Published online by Cambridge University Press: 22 July 2014
A special Fall 1993 issue of Time magazine titled “The New Face of America. How Immigrants Are Shaping the World's First Multicultural Society” examines the explosion of the immigrant population in the United States. The editors tell us:
the latest immigrants are helping form a new society, a variation and intensification of the great American experiment. Too complicated and diffuse to be described as a melting pot, or even a goulash or a mosaic, that society today is really a collection of intertwining subcultures, each contributing its own character to the nation's life—from food to fashion, from art to politics—while retaining its distinctiveness. (p. 6)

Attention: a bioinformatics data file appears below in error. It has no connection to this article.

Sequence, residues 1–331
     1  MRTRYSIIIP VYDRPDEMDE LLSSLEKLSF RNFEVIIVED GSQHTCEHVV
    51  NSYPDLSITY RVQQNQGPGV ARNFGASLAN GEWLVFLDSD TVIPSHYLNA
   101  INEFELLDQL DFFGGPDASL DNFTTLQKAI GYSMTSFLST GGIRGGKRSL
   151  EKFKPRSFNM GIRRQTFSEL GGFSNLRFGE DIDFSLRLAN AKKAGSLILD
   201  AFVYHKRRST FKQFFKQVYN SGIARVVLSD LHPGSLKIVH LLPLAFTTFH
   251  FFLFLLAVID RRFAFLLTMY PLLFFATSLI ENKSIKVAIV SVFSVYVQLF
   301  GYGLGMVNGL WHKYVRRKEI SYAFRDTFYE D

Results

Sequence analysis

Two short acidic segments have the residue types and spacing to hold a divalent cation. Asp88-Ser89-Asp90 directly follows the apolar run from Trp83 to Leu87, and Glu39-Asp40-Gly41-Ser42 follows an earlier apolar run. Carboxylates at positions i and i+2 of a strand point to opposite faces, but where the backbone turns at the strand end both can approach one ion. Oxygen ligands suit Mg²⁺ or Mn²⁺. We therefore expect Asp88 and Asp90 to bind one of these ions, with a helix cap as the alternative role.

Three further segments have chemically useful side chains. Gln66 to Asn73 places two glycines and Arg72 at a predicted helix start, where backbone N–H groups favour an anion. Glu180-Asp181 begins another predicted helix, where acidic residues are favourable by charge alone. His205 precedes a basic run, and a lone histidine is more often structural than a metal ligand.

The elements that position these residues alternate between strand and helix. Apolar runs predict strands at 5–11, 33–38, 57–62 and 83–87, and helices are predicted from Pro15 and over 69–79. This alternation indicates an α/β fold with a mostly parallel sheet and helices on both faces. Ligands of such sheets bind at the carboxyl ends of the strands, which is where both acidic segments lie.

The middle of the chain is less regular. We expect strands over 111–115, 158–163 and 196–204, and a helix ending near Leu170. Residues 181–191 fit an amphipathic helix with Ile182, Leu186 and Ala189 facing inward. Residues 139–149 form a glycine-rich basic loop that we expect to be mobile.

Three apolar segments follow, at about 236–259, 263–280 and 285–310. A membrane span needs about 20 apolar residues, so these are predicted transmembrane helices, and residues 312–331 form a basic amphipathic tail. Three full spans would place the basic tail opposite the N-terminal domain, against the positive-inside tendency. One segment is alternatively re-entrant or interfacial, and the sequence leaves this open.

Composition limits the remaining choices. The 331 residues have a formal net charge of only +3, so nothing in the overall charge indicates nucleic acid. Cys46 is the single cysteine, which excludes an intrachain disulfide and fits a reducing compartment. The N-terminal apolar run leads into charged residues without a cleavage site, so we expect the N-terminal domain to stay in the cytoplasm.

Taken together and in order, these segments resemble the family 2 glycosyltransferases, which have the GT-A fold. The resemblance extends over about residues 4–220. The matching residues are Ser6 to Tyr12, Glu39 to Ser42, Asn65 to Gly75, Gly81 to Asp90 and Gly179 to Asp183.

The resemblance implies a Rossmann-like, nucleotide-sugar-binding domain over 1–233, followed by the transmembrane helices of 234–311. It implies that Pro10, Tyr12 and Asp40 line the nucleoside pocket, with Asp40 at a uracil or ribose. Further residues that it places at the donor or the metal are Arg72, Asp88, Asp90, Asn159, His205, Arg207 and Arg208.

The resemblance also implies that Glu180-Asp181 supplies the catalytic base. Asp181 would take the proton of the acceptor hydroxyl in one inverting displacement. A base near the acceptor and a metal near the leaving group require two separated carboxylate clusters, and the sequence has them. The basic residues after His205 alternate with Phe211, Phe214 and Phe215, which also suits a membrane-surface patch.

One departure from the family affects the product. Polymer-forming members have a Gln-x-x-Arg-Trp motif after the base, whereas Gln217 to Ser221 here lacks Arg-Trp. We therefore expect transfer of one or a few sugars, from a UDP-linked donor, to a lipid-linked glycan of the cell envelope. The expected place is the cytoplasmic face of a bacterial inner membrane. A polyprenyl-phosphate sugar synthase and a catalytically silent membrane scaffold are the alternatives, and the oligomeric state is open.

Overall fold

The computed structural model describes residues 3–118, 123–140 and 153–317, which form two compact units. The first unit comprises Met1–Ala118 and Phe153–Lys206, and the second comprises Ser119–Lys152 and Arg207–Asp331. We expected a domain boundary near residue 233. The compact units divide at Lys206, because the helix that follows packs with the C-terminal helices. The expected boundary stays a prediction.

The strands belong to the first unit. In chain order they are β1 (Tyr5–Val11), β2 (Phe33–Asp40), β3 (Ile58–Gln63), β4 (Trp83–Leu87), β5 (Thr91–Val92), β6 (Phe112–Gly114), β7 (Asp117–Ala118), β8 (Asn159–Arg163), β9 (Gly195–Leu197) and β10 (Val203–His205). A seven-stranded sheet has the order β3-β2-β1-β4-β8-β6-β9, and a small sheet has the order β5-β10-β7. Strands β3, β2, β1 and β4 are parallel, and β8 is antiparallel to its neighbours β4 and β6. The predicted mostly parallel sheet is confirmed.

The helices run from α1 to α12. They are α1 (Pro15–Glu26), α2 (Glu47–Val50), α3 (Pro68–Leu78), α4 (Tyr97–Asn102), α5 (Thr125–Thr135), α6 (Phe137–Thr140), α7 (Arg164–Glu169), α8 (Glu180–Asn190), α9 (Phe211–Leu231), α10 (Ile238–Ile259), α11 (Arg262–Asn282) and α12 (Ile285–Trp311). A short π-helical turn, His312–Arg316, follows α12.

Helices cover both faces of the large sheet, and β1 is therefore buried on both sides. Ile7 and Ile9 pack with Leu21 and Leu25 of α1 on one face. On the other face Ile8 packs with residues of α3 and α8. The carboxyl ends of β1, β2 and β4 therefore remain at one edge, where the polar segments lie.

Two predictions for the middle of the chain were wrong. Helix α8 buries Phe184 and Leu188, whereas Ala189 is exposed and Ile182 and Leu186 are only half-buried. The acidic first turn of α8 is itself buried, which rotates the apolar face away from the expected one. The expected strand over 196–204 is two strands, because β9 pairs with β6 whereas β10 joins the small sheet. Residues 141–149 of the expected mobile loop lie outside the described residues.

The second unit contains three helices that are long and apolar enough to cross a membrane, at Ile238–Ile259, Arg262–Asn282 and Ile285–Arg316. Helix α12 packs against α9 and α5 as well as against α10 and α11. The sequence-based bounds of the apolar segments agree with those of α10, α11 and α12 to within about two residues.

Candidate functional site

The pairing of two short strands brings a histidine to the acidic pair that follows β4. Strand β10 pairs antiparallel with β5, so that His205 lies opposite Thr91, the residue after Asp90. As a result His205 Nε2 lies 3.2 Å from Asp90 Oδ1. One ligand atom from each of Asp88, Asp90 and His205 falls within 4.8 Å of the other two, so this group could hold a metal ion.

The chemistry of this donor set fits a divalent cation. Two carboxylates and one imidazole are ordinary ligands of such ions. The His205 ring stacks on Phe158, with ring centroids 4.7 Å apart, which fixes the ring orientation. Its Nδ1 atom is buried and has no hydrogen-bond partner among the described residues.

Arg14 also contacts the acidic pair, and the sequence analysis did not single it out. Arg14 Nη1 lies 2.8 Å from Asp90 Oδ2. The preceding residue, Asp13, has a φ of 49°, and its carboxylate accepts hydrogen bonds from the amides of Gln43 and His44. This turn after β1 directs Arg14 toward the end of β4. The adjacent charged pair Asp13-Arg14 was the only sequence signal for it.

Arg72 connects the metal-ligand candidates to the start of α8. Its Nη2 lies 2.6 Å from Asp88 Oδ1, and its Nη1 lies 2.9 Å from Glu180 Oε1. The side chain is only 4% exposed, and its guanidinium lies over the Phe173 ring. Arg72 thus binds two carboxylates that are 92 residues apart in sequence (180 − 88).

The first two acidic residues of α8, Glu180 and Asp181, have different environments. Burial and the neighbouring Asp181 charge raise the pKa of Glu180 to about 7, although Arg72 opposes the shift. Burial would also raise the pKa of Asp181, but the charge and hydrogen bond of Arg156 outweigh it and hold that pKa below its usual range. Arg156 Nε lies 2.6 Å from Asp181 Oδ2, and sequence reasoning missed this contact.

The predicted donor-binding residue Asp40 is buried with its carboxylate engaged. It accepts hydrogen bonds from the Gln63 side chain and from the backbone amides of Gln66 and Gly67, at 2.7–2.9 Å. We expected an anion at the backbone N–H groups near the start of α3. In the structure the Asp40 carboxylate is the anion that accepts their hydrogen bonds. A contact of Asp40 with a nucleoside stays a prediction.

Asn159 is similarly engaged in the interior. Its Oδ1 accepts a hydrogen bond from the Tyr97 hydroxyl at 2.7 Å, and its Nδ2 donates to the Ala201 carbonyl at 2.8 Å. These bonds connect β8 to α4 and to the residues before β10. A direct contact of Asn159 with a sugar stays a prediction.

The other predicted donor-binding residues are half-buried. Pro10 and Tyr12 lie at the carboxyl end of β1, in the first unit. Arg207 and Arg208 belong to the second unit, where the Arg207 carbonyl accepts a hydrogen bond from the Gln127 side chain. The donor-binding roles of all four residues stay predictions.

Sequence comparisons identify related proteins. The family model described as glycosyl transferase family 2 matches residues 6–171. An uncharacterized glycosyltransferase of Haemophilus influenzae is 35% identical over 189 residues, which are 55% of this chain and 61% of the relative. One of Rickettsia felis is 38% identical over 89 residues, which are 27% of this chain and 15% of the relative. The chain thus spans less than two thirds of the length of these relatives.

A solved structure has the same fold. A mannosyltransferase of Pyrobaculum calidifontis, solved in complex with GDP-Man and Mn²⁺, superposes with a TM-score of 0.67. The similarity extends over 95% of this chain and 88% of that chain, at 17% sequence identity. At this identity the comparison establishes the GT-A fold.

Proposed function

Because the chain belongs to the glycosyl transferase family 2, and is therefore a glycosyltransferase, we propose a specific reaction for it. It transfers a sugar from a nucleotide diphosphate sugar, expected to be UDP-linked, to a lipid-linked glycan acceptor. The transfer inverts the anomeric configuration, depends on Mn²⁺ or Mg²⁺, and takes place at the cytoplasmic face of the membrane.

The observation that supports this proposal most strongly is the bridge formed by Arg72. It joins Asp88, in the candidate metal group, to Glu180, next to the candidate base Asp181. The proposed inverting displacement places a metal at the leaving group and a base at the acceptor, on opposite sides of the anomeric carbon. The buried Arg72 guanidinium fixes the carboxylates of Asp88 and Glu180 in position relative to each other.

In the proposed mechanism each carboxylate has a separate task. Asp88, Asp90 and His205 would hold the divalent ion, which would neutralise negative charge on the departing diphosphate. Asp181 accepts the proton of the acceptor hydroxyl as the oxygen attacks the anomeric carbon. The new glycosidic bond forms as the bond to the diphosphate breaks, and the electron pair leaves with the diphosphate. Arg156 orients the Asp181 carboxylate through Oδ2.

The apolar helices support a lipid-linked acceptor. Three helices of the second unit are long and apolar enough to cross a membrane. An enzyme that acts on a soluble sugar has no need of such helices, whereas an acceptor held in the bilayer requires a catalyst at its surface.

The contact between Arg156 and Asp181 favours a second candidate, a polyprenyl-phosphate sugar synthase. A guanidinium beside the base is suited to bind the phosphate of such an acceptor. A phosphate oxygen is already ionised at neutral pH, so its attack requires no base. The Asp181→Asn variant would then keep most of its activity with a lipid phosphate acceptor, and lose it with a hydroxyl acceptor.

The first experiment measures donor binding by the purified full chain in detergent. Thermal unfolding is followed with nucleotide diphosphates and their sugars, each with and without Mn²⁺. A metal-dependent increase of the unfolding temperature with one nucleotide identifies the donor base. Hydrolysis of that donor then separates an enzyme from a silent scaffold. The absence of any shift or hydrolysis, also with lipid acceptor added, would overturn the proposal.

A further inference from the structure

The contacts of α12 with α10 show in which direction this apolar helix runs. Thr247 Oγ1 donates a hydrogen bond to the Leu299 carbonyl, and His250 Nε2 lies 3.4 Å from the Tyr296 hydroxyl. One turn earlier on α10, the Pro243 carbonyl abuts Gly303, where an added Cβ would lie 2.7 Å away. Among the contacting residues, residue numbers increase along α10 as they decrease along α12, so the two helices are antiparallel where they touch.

In the small island state of Hawai‘i the intermixing of cultures simultaneous with retaining individual identities has long been a fact of life. At the same time awareness of ethnic identity and native rights is increasing nationwide, Hawai‘i is experiencing a push for sovereignty from some sectors of its population together with a continuation, from other sectors, of public displays of ethnic identity of many different peoples that have been part of daily life for many years. As the strands of this ethnic tapestry continue to weave their way into the fabric of this island state, dance is one cultural manifestation that has become an integral part of the visible pattern and a reflection—or rather, embodiment—of issues relating to identity.